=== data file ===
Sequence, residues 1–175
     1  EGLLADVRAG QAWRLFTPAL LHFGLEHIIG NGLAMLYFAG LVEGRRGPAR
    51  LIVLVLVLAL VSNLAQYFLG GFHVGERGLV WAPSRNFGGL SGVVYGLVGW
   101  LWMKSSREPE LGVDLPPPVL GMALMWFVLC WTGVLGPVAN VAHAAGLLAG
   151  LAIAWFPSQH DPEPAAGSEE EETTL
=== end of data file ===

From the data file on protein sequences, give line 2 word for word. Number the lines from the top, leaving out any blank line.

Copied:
     1  EGLLADVRAG QAWRLFTPAL LHFGLEHIIG NGLAMLYFAG LVEGRRGPAR